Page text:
In the design of a plant which incorporates heat exchange with the surroundings, the size of the heat transfer equipments, the material of construction connected with them, and the auxiliary equipment required for their utilization, are basic considerations being faced by a designer. The equipment should fulfill its required objectives and at the same time should be economical to purchase and operate. This requires through understanding of the basic mechanisms of heat transfer and analysis so as to be able to evaluate quantitatively heat transfer rates and other related quantities. Unfortunately, the analysis of heat transfer involves many variables and it is impossible to separate them and treat one at a time e.g. the flow of heat through a condenser involves nine variables. This clearly requires detailed knowledge of the principles governing heat transfer.

Heat exchanges are very important parts of many thermal systems. Their first cost and the cost of their operation and maintenance are of great impertinence for efficient plant installation. As stated earlier heat transfer is an irreversible process, hence it is desirable to reduce the irreversibility that always accompanies heat transfer by reducing temperature difference between the bodies that exchange heat. With the reduction of temperature difference, the rate of heat transfer decreases and in order to maintain the given rate of heat transfer, area of heat transfer is to be increased. Thus, cost of heat exchanger increases rapidly with the reduction in temperature difference employed for heat transfer. Thus, designs should make a decision regarding economic limit to which temperature difference can be reduced.

The popular examples of heat exchanges are :

  • Surface condenser of a steam plant,
  • Air preheater and economizer for a boiler,
  • Intercooler for air compressor,
  • Heat exchanger for gas turbine plant,
  • Condenser and evaporator for refrigeration unit
  • Heat exchange for chemical plant, etc.

In these classes of heat exchanger, the fluids are kept separate and heat transfer take place through the intervening walls. This is often the only possible type as the fluids differ in their chemical composition and at least one is to be recirculated through the plant cycle so that they can not be allowed to mix. Thus, in such case the rate of heat transfer between fluids is limited to the capacity of the separating wall to transfer heat. This capacity of heat transfer is the basis of the design for this type of heat exchanger.

Thermal Conduction

Heat transfer between a hot and a cold body by conduction may take place through material substance such as metal wall, but conduction may take place also through fluids (either gases or liquids). In process of conduction, there is no physical movement of molecules. At the hot end of the material, random movements (activities) of the molecules is increased. As a result of this increased activity of the molecules, collisions with adjacent molecules along the material take place imparting increased momentum to these adjacent molecules, resulting in increased temperature. This is transfer of heat by conduction. In gases, heat conduction occurs by molecules, and atomic interaction. In metals, the flow of energy is due mainly to the diffusion of free electrons. Here, crystal lattice vibrations are of secondary importance.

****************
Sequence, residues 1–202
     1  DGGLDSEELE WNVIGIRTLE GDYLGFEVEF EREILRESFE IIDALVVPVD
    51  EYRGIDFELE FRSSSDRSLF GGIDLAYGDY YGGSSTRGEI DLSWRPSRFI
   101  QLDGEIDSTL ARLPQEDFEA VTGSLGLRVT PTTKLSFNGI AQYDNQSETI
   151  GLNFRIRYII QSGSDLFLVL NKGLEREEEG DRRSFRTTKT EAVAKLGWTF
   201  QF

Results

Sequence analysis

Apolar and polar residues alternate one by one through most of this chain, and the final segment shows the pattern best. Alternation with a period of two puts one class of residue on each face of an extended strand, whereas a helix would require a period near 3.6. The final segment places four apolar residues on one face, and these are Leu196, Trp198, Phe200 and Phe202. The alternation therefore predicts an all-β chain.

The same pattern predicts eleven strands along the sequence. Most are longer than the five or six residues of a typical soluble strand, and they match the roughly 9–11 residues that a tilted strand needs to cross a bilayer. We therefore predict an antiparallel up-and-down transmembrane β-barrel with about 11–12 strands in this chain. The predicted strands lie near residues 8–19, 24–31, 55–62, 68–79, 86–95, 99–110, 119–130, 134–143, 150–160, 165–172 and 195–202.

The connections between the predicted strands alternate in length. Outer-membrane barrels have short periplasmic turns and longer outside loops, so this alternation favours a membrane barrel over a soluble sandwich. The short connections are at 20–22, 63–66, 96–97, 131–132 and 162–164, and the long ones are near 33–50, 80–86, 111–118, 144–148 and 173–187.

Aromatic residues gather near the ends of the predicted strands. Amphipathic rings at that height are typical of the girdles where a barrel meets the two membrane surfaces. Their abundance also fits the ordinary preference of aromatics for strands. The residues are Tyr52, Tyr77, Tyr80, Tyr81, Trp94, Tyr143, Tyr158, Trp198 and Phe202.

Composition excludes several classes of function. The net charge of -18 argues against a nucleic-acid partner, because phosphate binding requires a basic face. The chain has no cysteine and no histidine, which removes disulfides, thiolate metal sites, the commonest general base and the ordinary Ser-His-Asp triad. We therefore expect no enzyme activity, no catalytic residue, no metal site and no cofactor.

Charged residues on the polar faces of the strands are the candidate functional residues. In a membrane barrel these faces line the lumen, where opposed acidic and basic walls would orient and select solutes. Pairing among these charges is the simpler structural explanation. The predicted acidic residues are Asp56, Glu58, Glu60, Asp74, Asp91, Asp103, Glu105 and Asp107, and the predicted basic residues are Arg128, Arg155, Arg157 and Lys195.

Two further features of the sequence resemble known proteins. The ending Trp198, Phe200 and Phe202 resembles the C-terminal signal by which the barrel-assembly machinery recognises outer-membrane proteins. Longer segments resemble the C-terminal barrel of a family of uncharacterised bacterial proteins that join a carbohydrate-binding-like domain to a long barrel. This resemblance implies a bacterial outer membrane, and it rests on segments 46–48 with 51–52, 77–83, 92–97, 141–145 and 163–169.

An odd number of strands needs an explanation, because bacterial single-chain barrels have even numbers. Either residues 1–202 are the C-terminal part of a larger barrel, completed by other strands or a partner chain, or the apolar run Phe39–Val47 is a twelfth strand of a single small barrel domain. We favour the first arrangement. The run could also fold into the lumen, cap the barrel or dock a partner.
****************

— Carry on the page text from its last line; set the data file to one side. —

Basic Equation: The basic equation for rate of heat transfer by conduction for an elementary thickness dx of the plate is

Where, H – rate of heat transferred,

A – area of heat fl ow normal to the direction of heat flow,

K – coeffi cient of thermal conductivity,

dT/dx- temperature gradient.

For positive value of x in the direction of heat fl ow, temperature decreases, making dT/dx negative. Thus, additional negative sign is employed in eqn. (1.1) so that heat quantity is positive. Thus basic equation although introduced by Biot in 1804, is usually attributed to Foerier because of his outstanding contribution to the field. This law was formulated from the study of experimental observations.

Thermal Conductivity: The thermal conductivity of the material, K is the quantity of heat passing between opposite faces of a unit cube in unit time when unit temperature diff erence is maintained across the faces. Thermal conductivity is a physical property of a substance and characteristics the ability of the substance to conduct heat.

The thermal conductivity when expressed in S.I. Units, is

This is the system of units which will be used throughout this chapter. In many cases (particularly for insulating materials) the temperature gradient is expressed OC/cm, so that the unit of K becomes watts cm/m2 OC. In MKS system of units, K may be expressed in kcal/hr m OC.

The thermal conductivity varies with temperature. Experiments show that for most materials, this dependence is linear, i.e.

where ∝ is a constant and KO is the value of thermal conductivity at 0OC. The constant “∝” is positive for insulating materials and negative for metallic conductors. Magnesite, brass and aluminium are exceptions to this rule.

From values of the thermal conductivities of a few substances solids, liquids and gases given in Table 1, it is seen that silver is the best conductor of heat. Mercury, though placed among liquids, should be classifi ed with metals on account of its comparatively high value. Hydrogen appears to be the best conductor among gases; but helium has a slightly higher value.